• + 2
 @GXMV: hahaha I love my 26er. Has XL reach of 477 steep seat angle long wheelbase and is only held back by the rider.
  • + 2
 @headshot: E-X-A-C-T-L-Y what i feel !
  • + 15
 Nice photos, beautiful bikes. But if Pinkbike is going to release a paid advertisement they should at least be honest and mention it. Canning this brochure article under titles like 'Riding Impressions' usually reserved for actual bike reviews is disingenuous at best and makes all the other bike reviews less believable.
  • + 3
 Check out vitalmtb then, they'll got you covered.
  • + 17
 I just can't get past marketing speak like, "Pure Enduro Geometry".
  • + 14
 Pureduro
  • + 13
 EndPuro
  • + 3
 Peeduro
  • + 0
 Puraduro
  • + 0
 PEMetry
  • + 1
 Pure endurO geomETRY... Poetry
  • + 14
 "ok guys, let's protect the chainstays everywhere except where it matters!"
  • + 13
 Hottest bike I've seen this year hands down. Feels like I'm looking at the future. Holy @#$@#$!
  • + 3
 I hope this isn't the future
  • + 0
 @Theeeeo: Name a better looking enduro bike this year?
  • + 2
 @High-Life: it's not about looks.
  • + 3
 Not to be a debby downer but this thing looks like any other bike in the category to me, bar the asym bracing. Some carbon wunderbike that comes in more colors than Skittles. Seent it.
  • + 1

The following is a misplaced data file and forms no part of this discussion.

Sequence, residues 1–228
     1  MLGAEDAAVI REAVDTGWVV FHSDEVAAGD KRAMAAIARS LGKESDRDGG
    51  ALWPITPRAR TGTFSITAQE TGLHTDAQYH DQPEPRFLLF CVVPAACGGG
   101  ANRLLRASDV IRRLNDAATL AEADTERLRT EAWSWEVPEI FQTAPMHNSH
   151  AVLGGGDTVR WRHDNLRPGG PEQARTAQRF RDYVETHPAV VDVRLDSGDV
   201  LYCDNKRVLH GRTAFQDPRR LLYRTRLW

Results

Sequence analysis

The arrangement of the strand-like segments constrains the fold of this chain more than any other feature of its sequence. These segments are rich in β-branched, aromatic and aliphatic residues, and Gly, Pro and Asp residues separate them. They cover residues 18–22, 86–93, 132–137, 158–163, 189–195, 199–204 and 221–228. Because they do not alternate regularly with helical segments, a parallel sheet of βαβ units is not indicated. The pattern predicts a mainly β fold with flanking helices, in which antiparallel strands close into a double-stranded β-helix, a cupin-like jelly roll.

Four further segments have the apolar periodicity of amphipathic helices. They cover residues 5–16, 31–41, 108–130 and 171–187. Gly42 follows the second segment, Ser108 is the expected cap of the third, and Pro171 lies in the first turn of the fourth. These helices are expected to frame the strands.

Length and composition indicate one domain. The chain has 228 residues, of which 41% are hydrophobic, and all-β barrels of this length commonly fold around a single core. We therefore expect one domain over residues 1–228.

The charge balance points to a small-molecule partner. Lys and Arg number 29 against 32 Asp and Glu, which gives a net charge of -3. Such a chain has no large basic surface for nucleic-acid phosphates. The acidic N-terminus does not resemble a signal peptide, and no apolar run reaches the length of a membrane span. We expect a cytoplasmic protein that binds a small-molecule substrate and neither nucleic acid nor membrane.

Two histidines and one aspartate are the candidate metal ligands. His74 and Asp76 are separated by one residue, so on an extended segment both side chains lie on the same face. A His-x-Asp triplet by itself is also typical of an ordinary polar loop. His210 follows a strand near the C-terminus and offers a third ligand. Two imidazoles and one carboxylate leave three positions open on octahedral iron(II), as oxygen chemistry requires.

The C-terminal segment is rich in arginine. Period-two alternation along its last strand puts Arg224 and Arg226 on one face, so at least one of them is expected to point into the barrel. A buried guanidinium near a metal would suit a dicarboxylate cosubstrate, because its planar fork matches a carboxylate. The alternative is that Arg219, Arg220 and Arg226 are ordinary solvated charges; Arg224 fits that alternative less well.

@Theeeeo: for a lot of people it is though. If its hideous, it won't sell.
  • + 7
 Looks pretty cool, the former rallon was already quite good.
Still it's funny how some brands work really hard to release complex designs and yet one of the most recommended bike remains the Transition Patrol, a pretty "simple" bike with good numbers.
  • + 8
 TBH other than the rear-most pivot being around the rear axle, this design is no more complicated than the Patrol.
  • + 1
 @dingus: he's probably referring to the asymmetrical design and weird shock linkage
  • + 8
 "Enduro bearings", sign me up!
  • + 5
 Never thought twice about Orbea. However, those bikes look great. Not a huge fan of the colors, but the frame and design itself
  • - 52
flag mollow (Jun 26, 2017 at 10:14) (Below Threshold)
 Are you retarded or just illeterate? You can design your own color scheme
  • + 45
 You spelt illiterate wrong
  • - 40
flag mollow (Jun 26, 2017 at 10:45) (Below Threshold)
 Who cares... I'm sure you understood. Sorry for making typos when typing my third language. Fucking grammar nazi
  • + 19
 @mollow: well, you failed pretty hard with that one didn't you bahd?
  • + 18